Reality: OKRs thrive when software is intuitive and collaborative first, expensive and complex last. Costly HR platforms often isolate OKRs from most employees. Lightweight options that prioritize features like visuals, integration, and accessibility over analytics keep costs down while encouraging participation across the company. The goal should be engagement and transparency, not top-down reporting.

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Myth 6: OKRs are just rebranded MBOS

Reality: While related, OKRs focus more on outcomes than duties, promote stretch goals, and encourage transparency. Unlike MBOS, an OKR to "Launch in 2 new cities" encourages big thinking rather than task management.

Myth 7: OKRs are a passing fad

Reality: OKRs have been used successfully for decades by industry leaders like Google, Amazon, and Intel. The framework has stood the test of time. For example, Intel pioneered OKRs in the 1970s and still uses them today.

Myth 8: OKRs only work for specific departments

Reality: OKRs can work across all teams and levels of an organization - from sales to engineering to marketing and more. For instance, companies like Adobe have adopted OKRs company-wide, finding success in departments ranging from finance to HR.

Myth 9: OKRs stifle creativity

Reality: Well-crafted OKRs provide a framework for ambition while giving teams flexibility to innovate on how they achieve goals. For example, an OKR to "increase app engagement" allows creative freedom to still try new features and concepts.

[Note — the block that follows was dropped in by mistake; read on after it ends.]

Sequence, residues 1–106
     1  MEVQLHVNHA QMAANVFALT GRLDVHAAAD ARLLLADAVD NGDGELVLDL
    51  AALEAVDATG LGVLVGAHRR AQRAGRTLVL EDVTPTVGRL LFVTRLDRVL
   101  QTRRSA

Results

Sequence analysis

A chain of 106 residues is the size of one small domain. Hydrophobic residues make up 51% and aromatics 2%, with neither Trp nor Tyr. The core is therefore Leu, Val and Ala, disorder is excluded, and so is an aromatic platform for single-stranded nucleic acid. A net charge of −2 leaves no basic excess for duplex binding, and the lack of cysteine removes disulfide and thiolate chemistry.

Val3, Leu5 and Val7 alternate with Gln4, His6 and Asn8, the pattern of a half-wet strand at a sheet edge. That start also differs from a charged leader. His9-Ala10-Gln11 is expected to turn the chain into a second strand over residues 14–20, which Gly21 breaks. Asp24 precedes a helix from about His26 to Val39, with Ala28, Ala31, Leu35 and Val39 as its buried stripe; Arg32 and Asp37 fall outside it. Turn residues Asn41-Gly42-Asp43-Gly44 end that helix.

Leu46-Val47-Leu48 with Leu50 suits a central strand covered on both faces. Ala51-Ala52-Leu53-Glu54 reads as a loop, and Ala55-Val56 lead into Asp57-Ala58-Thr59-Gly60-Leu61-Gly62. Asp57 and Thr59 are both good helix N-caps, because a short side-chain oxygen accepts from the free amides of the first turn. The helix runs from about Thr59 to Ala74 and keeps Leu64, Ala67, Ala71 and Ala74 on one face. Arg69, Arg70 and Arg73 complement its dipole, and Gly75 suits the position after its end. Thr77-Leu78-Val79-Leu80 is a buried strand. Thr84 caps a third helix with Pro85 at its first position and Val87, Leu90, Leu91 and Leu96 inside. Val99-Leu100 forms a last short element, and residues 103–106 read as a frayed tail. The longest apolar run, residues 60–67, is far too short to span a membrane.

Myth 10: OKRs encourage risky short-term thinking

Reality: OKRs are structured into quarterly cycles specifically to discourage short-term priorities. They foster sustainable growth. For instance, stretching OKRs over longer timeframes prevents reactionary goal-setting and focuses on the horizon.

Myth 11: OKRs represent a complete strategy

Reality: OKRs are a tool for executing on strategy - but don't replace thorough strategic planning itself. For example, OKRs to enter a new market require backing business plans and research.


OKRs represent an exciting new approach to goal setting that is transforming organizations across industries. However, like any new methodology, misconceptions and myths exist that can derail successful OKR adoption. By understanding common FAQs and false narratives, organizations can thoughtfully implement OKRs while avoiding pitfalls.

The key is to recognize that OKRs are about strategic alignment and ambition, not cascaded task lists or guarantees. With the right mindset and culture, the OKR framework offers immense potential to unite teams, accelerate growth, and achieve the once impossible. Approached properly and tailored to your organization's needs, OKRs can take your company goals to the next level.